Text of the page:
Stage 1 is the start of type 1 diabetes. Individuals test positive for two or more diabetes-related autoantibodies. The immune system has already begun attacking the insulin-producing beta cells, although there are no symptoms and blood sugar remains normal.

Stage 2, like stage 1, includes individuals who have two or more diabetes-related autoantibodies, but now, blood sugar levels have become abnormal due to increasing loss of beta cells. There are still no symptoms.

For both stages 1 and 2, lifetime risk of developing type 1 diabetes approaches 100 percent.

Stage 3 is when clinical diagnosis has typically taken place. By this time, there is significant beta cell loss and individuals generally show common symptoms of type 1 diabetes, which include frequent urination, excessive thirst, weight loss and fatigue.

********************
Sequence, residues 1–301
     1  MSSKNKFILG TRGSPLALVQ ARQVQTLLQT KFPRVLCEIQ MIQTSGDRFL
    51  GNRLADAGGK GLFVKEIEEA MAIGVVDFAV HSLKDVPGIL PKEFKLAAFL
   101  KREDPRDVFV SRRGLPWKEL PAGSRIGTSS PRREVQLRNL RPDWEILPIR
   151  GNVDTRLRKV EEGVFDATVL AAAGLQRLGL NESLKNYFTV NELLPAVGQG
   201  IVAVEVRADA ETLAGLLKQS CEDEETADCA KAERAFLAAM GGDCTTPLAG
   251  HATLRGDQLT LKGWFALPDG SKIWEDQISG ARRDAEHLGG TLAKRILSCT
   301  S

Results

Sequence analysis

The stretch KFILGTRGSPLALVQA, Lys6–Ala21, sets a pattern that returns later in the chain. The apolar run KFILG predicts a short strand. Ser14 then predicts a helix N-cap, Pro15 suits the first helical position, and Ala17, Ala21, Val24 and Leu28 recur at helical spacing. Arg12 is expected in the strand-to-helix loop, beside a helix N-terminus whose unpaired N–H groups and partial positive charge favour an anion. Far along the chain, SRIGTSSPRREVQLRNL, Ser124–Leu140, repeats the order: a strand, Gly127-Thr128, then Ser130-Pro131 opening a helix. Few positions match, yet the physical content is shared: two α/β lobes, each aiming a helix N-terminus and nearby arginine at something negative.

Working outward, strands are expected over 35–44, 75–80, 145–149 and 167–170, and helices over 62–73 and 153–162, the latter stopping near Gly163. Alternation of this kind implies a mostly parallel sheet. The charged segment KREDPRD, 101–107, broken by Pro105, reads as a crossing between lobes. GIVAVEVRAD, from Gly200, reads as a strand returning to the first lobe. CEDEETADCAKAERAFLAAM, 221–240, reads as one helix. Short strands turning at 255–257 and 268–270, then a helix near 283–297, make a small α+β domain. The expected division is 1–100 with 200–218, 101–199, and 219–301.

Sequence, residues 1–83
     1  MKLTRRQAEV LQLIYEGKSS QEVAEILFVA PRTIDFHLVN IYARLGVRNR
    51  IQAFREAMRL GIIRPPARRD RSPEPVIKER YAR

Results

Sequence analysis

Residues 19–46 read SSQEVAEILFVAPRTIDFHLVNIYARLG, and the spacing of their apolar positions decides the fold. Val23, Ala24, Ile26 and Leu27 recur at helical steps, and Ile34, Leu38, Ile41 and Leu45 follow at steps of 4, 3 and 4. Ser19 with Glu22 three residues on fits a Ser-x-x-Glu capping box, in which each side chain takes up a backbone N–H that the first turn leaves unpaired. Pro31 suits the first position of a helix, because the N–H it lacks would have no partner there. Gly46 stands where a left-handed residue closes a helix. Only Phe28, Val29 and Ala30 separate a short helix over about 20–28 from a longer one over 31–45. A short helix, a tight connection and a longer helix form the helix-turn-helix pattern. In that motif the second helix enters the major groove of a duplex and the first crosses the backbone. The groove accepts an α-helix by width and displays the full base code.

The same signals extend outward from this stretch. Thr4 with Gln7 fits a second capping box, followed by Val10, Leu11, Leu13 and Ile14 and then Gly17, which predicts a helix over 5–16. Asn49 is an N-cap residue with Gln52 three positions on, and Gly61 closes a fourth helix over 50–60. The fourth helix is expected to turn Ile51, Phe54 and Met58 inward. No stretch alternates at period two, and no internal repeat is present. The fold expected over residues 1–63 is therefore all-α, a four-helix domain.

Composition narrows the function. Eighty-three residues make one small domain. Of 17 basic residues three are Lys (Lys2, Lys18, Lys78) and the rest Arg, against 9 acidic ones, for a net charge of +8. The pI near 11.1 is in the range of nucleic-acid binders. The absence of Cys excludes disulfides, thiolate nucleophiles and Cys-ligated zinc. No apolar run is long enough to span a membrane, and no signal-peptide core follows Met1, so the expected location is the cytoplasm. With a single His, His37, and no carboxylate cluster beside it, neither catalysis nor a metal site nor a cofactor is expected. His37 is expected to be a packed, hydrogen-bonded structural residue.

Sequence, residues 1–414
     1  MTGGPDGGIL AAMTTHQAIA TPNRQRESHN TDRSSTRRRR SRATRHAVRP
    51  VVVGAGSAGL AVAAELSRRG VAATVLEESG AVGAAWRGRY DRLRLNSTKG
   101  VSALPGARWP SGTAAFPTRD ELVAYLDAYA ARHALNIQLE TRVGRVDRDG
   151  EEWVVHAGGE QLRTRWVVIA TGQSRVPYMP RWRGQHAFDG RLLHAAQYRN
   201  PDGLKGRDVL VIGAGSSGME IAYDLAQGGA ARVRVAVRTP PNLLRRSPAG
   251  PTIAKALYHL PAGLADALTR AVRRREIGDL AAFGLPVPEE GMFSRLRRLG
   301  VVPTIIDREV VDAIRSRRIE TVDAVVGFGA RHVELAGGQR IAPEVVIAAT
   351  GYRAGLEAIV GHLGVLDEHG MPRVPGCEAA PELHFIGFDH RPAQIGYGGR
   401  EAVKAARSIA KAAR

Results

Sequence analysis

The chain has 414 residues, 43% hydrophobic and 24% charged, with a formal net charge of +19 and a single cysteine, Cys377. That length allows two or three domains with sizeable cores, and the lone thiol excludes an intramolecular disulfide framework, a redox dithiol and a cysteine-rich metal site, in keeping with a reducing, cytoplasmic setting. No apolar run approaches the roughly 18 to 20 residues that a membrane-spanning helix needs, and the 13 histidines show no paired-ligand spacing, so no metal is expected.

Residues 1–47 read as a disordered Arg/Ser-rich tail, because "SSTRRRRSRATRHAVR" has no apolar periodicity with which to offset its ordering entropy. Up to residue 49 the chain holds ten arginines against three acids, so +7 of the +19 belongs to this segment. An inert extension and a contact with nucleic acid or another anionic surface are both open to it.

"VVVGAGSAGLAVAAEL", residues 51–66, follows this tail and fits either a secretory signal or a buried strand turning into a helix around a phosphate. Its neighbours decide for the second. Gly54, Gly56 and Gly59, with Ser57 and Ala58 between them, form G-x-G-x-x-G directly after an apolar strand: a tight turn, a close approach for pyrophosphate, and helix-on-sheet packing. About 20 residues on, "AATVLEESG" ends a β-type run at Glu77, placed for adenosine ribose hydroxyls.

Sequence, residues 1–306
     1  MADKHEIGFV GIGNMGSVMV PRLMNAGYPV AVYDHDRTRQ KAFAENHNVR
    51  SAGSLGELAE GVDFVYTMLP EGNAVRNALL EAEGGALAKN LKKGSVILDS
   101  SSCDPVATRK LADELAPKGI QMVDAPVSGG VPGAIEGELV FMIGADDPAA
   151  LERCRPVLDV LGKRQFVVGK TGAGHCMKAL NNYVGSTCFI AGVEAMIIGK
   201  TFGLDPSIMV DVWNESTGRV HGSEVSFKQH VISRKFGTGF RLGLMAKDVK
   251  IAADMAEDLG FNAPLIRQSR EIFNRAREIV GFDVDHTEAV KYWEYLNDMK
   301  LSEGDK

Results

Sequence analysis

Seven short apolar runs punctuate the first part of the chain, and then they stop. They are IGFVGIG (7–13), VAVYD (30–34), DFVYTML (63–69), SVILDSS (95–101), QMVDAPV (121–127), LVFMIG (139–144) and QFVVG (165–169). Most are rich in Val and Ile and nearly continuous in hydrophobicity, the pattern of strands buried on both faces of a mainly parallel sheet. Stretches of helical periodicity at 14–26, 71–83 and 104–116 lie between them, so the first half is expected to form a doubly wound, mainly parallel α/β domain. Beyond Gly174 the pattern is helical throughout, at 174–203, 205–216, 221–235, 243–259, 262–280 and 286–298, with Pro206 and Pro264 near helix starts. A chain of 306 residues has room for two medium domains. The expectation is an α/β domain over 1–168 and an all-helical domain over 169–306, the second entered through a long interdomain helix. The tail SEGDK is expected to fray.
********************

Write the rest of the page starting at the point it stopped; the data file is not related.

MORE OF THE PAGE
“Clinical research supports the usefulness of diagnosing type 1 diabetes early – before beta cell loss advances to stage 3. The earlier diagnosis is made in the disease process, the sooner intervention can take place, and the more beta cells are likely to remain. More beta cells may lead to better outcomes regarding blood sugar control and reduction of long-term complications,” said. Dr. Maria Redondo, director of the Texas Children’s/Baylor TrialNet Clinical Center and associate professor of pediatrics at Baylor and in the diabetes and endocrinology section at Texas Children’s Hospital.

The Texas Children’s/Baylor TrialNet Program serves as one of the 14 TrialNet Clinical Centers throughout the United States, Europe, Canada and Australia. TrialNet was founded in 2001 and since then has screened approximately 150,000 participants for type 1 diabetes markers.

Screening is recommended for people who have relatives with type 1 diabetes. Family members have a 15 times greater risk of being diagnosed than a person with no family history. TrialNet screening is available at no charge to:

* Anyone between the ages of 1 and 45 with a sibling, child or parent with type 1 diabetes.